Les Anderson looks at the UK DVD release of this seventies British sitcom starring Wendy Craig…
And Mother Makes Three was a very successful Thames TV sitcom starring Wendy Craig which ran for four series from 1971 to 1973. A sequel with an extended cast, And Mother Makes Five, ran for another four series from 1974 to 1976. This set collects together the first four series which were previously available individually.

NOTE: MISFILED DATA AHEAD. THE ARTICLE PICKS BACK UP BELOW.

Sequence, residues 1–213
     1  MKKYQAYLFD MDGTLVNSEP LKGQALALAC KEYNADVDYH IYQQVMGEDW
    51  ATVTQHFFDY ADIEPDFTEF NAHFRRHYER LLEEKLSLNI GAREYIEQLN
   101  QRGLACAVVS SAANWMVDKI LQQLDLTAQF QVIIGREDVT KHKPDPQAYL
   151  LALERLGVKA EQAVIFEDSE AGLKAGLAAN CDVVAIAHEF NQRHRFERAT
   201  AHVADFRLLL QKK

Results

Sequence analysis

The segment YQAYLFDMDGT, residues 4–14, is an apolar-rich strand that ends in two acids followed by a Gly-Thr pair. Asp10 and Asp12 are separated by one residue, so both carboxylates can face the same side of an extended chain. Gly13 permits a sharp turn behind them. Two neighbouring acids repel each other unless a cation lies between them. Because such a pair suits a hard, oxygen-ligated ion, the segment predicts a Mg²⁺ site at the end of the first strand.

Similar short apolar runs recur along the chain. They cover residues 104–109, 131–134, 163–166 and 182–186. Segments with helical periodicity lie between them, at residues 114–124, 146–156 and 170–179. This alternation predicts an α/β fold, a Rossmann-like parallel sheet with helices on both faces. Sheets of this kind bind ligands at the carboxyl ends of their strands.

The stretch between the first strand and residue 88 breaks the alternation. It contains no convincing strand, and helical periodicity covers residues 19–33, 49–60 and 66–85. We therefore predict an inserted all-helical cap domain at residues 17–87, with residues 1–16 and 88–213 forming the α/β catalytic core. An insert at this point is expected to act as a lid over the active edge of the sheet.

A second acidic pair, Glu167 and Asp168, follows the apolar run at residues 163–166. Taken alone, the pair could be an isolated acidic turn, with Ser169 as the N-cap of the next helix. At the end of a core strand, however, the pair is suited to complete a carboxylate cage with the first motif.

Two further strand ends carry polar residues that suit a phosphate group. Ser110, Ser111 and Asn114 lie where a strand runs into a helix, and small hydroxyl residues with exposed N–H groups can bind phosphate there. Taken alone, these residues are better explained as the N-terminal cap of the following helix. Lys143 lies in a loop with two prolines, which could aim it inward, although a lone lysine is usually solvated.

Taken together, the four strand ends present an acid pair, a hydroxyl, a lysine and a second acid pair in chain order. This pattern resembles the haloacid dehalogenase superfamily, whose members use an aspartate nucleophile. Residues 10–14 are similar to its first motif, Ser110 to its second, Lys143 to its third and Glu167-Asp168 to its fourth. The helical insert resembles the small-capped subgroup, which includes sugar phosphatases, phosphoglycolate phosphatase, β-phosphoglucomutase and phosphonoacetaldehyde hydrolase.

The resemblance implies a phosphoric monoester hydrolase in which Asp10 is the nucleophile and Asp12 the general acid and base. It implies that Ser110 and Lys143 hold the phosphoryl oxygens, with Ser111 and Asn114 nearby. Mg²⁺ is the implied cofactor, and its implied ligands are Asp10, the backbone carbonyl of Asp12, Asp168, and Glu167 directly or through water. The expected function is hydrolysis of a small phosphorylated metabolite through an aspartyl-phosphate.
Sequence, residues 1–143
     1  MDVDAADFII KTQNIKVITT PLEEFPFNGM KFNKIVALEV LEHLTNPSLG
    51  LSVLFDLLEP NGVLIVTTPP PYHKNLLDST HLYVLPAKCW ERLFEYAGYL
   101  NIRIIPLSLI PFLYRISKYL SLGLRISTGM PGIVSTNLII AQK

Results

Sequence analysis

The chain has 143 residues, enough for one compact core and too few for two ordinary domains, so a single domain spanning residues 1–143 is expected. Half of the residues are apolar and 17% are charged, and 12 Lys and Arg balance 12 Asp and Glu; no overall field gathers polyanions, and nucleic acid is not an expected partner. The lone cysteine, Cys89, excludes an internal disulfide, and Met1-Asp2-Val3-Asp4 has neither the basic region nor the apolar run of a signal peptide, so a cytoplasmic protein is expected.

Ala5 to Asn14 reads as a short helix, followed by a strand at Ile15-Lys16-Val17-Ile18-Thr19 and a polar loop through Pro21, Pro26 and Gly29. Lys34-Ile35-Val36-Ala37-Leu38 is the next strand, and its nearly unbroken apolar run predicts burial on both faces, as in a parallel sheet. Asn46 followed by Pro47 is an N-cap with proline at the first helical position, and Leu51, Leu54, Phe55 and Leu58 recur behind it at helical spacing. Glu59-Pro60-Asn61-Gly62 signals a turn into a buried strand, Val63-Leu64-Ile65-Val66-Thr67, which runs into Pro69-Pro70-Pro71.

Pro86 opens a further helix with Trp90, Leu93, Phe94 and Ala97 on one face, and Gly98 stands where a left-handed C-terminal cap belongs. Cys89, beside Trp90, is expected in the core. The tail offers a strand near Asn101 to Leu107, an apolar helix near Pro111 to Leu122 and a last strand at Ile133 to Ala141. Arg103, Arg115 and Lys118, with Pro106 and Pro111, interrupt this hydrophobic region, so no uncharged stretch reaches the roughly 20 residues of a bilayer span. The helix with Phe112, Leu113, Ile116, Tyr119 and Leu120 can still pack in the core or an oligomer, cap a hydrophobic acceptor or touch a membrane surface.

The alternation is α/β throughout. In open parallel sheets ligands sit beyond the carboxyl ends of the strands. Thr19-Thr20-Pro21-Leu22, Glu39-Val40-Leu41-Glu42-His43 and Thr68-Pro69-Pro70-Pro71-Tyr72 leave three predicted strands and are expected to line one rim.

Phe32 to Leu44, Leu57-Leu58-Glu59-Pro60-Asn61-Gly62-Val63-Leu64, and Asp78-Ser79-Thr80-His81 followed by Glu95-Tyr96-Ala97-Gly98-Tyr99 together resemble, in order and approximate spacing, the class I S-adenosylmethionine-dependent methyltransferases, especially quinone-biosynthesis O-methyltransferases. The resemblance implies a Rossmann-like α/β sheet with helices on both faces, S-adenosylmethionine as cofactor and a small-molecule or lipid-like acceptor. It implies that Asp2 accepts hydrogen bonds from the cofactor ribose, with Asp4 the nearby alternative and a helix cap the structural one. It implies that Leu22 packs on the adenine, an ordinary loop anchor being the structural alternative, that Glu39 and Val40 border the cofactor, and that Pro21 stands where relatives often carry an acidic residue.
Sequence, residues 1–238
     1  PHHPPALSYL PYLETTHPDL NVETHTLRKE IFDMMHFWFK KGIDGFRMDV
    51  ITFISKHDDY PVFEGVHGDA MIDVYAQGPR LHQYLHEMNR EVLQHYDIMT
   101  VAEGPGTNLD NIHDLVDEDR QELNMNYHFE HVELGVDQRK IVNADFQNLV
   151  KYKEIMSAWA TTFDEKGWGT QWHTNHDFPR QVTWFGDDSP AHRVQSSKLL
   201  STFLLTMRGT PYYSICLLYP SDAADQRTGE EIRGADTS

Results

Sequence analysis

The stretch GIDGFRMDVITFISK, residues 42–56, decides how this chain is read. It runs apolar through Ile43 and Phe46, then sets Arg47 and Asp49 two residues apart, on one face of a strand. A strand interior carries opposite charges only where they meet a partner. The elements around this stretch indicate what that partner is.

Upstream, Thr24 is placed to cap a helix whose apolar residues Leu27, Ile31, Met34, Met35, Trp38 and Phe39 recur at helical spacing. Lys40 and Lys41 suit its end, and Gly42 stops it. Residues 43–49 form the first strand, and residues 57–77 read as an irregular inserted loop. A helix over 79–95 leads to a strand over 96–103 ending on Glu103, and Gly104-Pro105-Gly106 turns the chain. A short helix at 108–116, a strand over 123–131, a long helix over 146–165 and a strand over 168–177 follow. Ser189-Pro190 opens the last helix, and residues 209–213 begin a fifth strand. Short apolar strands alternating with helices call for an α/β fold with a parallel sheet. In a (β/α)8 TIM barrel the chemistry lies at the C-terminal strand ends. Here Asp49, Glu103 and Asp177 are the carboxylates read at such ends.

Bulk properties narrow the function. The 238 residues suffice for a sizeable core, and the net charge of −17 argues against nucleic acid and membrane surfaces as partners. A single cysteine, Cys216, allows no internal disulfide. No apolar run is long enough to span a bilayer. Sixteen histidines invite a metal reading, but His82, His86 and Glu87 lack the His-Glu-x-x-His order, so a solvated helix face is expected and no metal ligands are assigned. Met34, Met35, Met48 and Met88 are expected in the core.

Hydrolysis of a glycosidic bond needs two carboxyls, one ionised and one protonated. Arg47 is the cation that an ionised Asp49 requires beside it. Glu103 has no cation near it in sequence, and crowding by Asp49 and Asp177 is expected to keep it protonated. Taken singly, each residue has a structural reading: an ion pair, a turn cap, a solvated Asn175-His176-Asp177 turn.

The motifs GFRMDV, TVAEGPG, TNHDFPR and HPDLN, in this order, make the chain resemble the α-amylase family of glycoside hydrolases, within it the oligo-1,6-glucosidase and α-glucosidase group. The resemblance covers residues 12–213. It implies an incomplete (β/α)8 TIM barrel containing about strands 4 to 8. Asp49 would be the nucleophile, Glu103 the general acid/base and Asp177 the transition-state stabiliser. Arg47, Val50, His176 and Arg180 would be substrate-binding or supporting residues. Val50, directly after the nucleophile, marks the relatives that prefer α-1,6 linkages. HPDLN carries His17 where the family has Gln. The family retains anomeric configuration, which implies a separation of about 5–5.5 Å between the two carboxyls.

It’s impossible to discuss And Mother Makes Three properly without considering Wendy Craig’s career as it was this series that firmly established her TV persona as a scatty have-a-go middle-class mother. It was a persona that she made her own on-screen for an almost-unbroken 17-year period over several different TV series. Tailored as it was to her talents, And Mother Makes Three without her presence would have been a very different, lesser show. She had started out as a straight dramatic actress in the 1950s and had already made a respectable name for herself as such by the mid-60s. In 1963 she had turned in a BAFTA-nominated performance in Joseph Losey’s The Servant. She then more than held her own against the formidable Bette Davis (during her Gothic Hag phase) in Jimmy Sangster’s melodrama The Nanny. Her performance as a distraught guilt-ridden mother being manipulated by all around her was intense and convincing. In 1967 however all that would change when she first appeared in the BBC’s sitcom Not in Front of The Children in the first incarnation of her most popular persona. That ran to four very successful series, made her a household name and landed her a BAFTA award for best TV actress. I can’t say for certain but given the BBC and ITV’s propensity over the decades for poaching each other’s talent, I imagine And Mother Makes Three was created as a vehicle for her by ITV to further exploit her popularity. After And Mother Makes Five finished in 1976 she then took the unorthodox (for the time) step of effectively sending up her own screen image in Carla Lane’s highly-regarded Butterflies which ran on the BBC until 1983. Carla Lane had written for And Mother Makes Three and had taken that show’s basic set-up (clueless middle-class mother with two lovable rogue teenage sons) and effectively deconstructed it by having her experience a mid-life existential crisis while having to put up with her two indolent wastrel sons and disinterested husband.